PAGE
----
Ahoy, squirts! Quint here. In a weird way this SXSW has felt a lot like Fantastic Fest, at least in terms of my schedule. With Evil Dead being the big opening night film and my schedule randomly putting most of the midnight films in the first half of my fest I've seen a whole lot of genre this year.
Originally I was going to be seeing Milo later on in the festival, but I had to move stuff around in order to do some interviews with Gillian Jacobs and Ken Marino. That means I don't get to see the documentary about John Milius until the end of the fest and the snowball effect of that means I have to catch David Gordon Green's Prince Avalanche whenever it comes out. Shit happens. I'm not complaining. Milo's a fun flick and I got sit within 3 feet of Gillian Jacobs for 10 minutes, so I'll somehow manage.
Milo's the easiest movie in the world to describe: Ken Marino has a demon that lives in his ass that emerges and kills people when he gets mad or stressed. Bruce Banner has the Hulk, Ken has Milo and while I'm sure Bruce's transformation isn't the most pleasant thing in the world at least he doesn't have to birth the Hulk out his asshole every time he hulks out.
If you needed any reassurance that this very silly premise is fully understood by the filmmakers, director Jacob Vaughan cast Peter Stormare as a new agey therapist who also happens to have just the right book to explain the origins of Ken's intestine demon. They get it, they know what movie they're making and as a result they make a really silly, gross and fun one.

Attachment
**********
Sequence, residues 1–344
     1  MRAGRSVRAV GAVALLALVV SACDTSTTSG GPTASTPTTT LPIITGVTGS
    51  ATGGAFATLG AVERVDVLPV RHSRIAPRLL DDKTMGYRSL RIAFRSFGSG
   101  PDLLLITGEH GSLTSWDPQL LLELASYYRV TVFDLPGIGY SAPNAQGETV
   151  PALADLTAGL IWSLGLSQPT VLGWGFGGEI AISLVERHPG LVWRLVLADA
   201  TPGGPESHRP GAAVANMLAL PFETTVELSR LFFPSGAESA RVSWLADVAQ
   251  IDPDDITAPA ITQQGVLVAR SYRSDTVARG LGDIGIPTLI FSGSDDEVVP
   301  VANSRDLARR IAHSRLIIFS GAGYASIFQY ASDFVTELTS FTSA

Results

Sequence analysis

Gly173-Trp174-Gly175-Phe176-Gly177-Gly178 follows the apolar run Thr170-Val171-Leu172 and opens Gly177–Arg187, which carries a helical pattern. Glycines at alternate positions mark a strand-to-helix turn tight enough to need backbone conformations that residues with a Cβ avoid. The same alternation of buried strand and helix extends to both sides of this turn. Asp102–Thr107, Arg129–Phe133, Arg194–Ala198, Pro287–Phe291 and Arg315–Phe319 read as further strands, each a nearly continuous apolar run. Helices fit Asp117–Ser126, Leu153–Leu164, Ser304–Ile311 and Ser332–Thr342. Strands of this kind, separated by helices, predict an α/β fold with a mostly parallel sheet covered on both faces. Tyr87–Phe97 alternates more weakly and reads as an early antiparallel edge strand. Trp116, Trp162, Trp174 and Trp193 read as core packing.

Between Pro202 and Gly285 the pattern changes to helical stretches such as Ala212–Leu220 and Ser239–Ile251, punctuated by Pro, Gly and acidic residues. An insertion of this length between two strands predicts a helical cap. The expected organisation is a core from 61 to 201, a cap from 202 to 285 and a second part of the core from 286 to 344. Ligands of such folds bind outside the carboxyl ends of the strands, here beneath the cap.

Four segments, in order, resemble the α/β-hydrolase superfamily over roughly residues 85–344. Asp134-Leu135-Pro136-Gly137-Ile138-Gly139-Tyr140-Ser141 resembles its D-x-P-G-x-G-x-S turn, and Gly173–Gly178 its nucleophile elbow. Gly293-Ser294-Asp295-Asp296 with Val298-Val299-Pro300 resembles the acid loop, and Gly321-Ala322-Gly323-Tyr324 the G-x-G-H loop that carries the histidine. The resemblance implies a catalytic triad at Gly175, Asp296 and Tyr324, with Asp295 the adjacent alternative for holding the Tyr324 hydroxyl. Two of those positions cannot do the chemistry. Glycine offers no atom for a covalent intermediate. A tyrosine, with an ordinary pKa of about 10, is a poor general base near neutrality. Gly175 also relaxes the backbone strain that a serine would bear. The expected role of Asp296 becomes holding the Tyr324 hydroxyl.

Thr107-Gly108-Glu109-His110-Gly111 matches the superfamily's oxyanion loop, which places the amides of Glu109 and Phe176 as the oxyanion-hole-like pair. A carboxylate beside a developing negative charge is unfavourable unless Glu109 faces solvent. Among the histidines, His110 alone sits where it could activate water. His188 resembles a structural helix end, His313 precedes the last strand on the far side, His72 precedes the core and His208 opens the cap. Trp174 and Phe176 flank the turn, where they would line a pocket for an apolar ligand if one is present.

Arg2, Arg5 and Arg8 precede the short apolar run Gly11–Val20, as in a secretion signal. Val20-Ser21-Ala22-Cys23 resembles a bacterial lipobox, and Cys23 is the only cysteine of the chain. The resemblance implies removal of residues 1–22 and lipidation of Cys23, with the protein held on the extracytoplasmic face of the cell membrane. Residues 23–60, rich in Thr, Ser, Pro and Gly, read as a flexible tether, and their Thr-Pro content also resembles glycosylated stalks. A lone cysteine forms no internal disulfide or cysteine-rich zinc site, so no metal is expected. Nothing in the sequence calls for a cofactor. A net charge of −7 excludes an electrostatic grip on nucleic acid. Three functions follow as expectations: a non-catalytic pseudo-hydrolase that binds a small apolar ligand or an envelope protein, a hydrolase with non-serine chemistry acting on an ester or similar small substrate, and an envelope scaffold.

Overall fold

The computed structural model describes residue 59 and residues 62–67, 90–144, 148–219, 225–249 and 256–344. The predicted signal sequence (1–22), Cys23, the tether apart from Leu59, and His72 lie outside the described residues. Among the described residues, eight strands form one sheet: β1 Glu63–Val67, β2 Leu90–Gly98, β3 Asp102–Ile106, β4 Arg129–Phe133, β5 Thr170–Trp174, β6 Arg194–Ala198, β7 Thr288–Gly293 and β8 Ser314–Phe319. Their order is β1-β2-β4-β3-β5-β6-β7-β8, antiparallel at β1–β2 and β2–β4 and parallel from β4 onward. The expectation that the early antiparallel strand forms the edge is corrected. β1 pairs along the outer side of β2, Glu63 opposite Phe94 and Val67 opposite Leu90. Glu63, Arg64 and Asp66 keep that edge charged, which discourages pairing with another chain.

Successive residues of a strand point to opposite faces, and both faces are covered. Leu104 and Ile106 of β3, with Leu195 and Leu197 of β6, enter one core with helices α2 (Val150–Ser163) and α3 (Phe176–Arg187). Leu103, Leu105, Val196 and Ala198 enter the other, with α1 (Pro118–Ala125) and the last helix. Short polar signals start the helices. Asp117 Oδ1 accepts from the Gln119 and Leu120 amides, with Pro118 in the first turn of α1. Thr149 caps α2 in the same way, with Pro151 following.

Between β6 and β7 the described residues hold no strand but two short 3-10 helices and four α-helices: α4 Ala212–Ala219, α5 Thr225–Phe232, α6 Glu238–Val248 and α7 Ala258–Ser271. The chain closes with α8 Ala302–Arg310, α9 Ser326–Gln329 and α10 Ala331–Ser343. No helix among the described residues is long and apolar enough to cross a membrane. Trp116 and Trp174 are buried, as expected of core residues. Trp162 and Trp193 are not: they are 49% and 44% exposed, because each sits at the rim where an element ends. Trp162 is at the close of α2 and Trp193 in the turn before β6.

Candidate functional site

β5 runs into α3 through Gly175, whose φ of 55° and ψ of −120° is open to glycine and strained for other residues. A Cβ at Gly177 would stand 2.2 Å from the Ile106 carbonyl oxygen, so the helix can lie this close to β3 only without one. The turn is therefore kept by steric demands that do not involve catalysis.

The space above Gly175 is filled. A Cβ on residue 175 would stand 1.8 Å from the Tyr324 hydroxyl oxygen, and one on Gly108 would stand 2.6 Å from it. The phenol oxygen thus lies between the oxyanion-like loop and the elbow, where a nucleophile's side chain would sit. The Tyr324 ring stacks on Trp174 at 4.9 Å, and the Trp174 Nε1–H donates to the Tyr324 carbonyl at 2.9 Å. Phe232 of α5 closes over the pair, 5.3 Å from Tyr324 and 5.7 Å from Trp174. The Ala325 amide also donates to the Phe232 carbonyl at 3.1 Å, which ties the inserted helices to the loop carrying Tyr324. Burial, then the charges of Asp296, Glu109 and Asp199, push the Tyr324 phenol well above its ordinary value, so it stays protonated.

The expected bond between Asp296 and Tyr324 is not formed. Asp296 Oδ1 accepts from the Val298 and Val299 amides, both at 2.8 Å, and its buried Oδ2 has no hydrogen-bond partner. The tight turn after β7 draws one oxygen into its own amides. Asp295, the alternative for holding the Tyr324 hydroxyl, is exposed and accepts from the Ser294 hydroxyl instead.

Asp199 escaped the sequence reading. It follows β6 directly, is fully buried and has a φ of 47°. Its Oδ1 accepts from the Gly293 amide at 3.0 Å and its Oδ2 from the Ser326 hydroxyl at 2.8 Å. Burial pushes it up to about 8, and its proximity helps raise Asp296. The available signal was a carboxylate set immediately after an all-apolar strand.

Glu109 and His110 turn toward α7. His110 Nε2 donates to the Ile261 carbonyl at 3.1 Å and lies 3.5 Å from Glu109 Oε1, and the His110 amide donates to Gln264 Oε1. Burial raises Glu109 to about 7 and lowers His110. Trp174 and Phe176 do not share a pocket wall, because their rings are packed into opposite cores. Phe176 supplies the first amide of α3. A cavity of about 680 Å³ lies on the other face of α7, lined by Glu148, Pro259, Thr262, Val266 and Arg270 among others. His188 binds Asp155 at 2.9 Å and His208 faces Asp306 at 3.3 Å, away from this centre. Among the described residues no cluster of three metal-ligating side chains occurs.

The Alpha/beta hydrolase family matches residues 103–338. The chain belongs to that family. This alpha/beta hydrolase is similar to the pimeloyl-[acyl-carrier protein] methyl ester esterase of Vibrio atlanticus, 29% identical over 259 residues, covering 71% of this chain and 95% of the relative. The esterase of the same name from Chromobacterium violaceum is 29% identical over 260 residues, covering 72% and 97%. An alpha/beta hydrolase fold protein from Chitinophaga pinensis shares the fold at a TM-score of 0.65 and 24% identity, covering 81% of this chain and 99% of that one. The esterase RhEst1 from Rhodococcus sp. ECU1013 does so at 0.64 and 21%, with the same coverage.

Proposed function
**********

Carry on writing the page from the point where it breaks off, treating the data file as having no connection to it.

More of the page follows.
Milo feels a whole lot like those sleazy but fun horror comedies of the late '80s and early '90s. Charles Band doesn't make films like this anymore, sadly, but if this had come out 20 years ago it would have fit right there with his best stuff.
Vaughan very smartly cast a bunch of really funny people in the film, which really tips the scales in terms of the movie working. Ken Marino plays his character very straight, which is important when that character has to bend over and squeeze out a toddler-sized demon every 10 minutes or so. Also in the cast are Gillian Jacobs (Community), Patrick Warburton, the aforementioned Stormare, Mary Kay Place (as Ken's mother), Kumail Nanjiani (as Ken's younger-than-he-is new stepfather) and the great Stephen Root as Ken's bat-shit crazy biological father. When you have a cast like that you know the comedy is gonna work and it does.
it's easy to categorize Milo as a horror-comedy, but it's really a comedy-comedy. Sure, the ass-demon eats people and there's a ton of blood, but Vaughan never really tries to make the movie scary. At all. Instead he aims for the absurd at every opportunity. He and fellow screenwriter Benjamin Hayes make sure to always find the line and take a giant step over it and that's the focus of the film, not trying to creep you out one moment and make you laugh the next.
I love the ensemble here, but the one cast member they couldn’t afford to miss the mark on is the title character and I’m happy to report that little Milo is a wholly practical, thoughtfully designed puppet. He’s cheap, let’s not ignore that. He’s rubbery and a bit stiff in his movements, but the trick to getting the audience to ignore all that is to give the creature a real personality and the folks behind Milo have that totally covered.
Milo alternates between adorably cute and razor-mouthed monster, much in the same way those little guys in Galaxy Quest could go from one to the other. He also has little baby-talk gibberish mumblings ala Gizmo that makes him ridiculously adorable desptire his fleshy skin color, sharp teeth and black shark’s eyes.
Jacobs is a bit underused and the film has some definitive peaks and valleys, but I never found it dull or draggy. Milo could have been unbearable in lesser hands, but thanks to a talented and very funny cast, solid direction and some cheap, but well done puppet work the end result is something to behold. A little crazy, a little goofy, but a real fun time.